• by Anonymous Coward

    The idea's been tried before, http://en.wikipedia.org/wiki/Zero_instruction_set_computer . I wonder if they plan on making this mobile too

  • Skynet comments

  • John (Score:3, Interesting)

    by Anonymous Coward on Friday October 11, 2013 @07:08AM (#45099967)

    'Qualcomm to build neuro inspired chips'

    Probably not. I interviewed with them in San Diego a few years ago and was quite shocked by the lack of technical skills of the people performing the interviews and the chat style of technical interviewing (their lack of basic English skills also might have something to do with their inability to ask sensible questions too).

    They may just buy a reference design from ARM to build Snapdragon processors and be very succesful with that but I honestly do not see those people developing neuro inspired chips. Not in a million years.

    • by xtal ( 49134 )

      How many PhD's do you think it takes to design a chip?

      A long time ago, I wrote some code to generate VHDL from a basic neural network framework. The code was trained on a PC then migrated to compatible VHDL and microcode. The VHDL was then synthesized and loaded onto Xilinx FPGA automatically.

      That was not complicated to do ten years ago, and I am far from an expert. The performance gains were epic, although, training is complicated.

      Methinks that Qualcomm (based on their reported revenues is quite able to do

  • "I'm sorry Dave. I'm afraid I can't let you make that phone call"

  • by NoImNotNineVolt ( 832851 ) on Friday October 11, 2013 @11:09AM (#45101611) Homepage
    This seems rather interesting. I've dabbled in artificial neural networks out of curiosity. This seems like it could be really useful.

    Neural nets are fast. Training them can be very slow, though. Backpropagation for multilayer perceptron nets is more computationally costly than simple feed-forward usage, and training a net can take many, many iterations if the training data set is large. Neural nets implemented in hardware could make this process much faster.

    Of course, TFA doesn't have much detail. Are these chips going to be capable of "learning" like this? Or will you have to pre-load them with the appropriate matrix of interconnection-weights and only run them in feed-forward mode? If they can't actually do learning, I'd imagine the utility of such a device will be very limited.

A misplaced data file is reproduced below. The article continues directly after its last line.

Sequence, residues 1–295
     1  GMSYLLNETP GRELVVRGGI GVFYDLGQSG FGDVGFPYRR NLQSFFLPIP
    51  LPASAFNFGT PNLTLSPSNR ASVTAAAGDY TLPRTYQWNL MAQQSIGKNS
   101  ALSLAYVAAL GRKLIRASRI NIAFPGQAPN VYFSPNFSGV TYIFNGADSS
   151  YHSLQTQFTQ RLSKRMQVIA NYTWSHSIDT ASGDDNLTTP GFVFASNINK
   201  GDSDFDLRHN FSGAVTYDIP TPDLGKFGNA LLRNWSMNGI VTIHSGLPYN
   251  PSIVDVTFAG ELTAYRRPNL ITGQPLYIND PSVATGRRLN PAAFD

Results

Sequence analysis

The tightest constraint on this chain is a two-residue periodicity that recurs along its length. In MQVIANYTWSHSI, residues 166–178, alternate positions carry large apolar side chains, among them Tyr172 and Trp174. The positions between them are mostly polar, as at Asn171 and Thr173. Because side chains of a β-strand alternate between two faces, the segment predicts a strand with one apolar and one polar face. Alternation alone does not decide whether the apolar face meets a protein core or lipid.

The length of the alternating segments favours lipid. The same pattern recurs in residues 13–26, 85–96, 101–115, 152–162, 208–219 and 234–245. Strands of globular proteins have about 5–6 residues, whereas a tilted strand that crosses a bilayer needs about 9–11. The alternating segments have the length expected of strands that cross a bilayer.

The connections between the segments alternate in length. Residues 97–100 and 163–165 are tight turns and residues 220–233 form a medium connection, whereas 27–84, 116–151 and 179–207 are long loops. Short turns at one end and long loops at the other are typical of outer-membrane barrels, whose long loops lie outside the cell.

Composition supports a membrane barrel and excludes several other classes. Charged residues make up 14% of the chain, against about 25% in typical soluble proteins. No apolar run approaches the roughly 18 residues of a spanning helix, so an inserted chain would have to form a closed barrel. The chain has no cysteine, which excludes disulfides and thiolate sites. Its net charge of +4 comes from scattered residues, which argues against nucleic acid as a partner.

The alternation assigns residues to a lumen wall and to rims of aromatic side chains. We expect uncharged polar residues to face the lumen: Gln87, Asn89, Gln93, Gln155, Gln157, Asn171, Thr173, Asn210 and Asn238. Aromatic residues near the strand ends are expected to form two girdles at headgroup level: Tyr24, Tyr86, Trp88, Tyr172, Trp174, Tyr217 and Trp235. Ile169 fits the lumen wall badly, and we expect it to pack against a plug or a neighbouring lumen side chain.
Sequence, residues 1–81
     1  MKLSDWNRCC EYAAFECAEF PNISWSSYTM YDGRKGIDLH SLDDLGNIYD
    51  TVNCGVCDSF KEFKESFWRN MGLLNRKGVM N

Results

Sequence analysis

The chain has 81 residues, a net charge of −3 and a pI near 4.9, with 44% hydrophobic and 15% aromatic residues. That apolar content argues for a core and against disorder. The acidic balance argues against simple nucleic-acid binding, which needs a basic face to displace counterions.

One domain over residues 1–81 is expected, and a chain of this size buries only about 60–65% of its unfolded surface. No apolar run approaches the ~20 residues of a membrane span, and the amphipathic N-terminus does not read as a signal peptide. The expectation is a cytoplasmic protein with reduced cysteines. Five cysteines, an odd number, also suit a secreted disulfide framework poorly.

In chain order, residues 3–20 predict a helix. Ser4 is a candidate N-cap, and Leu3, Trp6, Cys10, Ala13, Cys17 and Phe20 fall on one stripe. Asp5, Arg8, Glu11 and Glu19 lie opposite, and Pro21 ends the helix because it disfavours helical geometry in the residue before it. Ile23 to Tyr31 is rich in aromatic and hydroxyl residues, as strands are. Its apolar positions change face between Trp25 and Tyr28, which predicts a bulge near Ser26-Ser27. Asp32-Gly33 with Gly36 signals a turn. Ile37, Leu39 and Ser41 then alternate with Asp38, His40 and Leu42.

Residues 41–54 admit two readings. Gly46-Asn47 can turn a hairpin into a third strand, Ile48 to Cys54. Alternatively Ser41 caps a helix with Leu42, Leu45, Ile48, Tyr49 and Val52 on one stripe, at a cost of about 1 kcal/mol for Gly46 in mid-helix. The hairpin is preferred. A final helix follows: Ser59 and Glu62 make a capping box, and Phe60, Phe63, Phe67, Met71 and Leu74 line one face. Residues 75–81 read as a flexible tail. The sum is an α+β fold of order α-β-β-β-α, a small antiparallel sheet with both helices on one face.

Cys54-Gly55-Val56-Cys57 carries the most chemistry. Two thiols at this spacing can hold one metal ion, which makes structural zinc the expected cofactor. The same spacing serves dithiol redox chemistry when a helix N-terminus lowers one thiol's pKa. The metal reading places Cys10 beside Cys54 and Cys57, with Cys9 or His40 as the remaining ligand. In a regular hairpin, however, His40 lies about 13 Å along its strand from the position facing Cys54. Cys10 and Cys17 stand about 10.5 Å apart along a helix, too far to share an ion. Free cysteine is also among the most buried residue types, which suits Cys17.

• Train once on the supercomputer. Then just write the trained weights into the processors for mass-production. Great for industrial production line tasks, where you need to be able to detect defective items on a high-speed conveyor belt.

      • Sure, that works. Unless, of course, you want the mass-produced devices to be capable of learning. I thought that was the whole point.

        The feed-forward computations are already sufficiently quick, and the benefit of implementing that part in hardware is lost on me. Especially as a discrete component.
        • Why would you want the end product to be capable of learning? It'd just be a support nightmare when they learn incorrectly.

          The benefit of hardware is in speed and power usage, which in turn enables the use of much larger networks allowing for improved classification accuracy and more complex training. If you're doing mass-production, then a discrete NN-accelerator chip in conjunction with a cheap processor might also be cheaper than the high-end processor needed to run the net in software.

          • Why would you want the end product to be capable of learning? It'd just be a support nightmare when they learn incorrectly.

            Artificial neural networks have been found to be useful for voice recognition, for example. While it is possible to train one single ANN to recognize words from a given language, better recognition accuracy can be realized by training the system to be tailored to individual speakers. That, however, requires the ANN to continue learning after it has left the supercomputer and been shipped to end users. This would not be possible if this component doesn't support backpropagation.

            That being said, I'm sure t

The explanation requiring the fewest assumptions is the most likely to be correct. -- William of Occam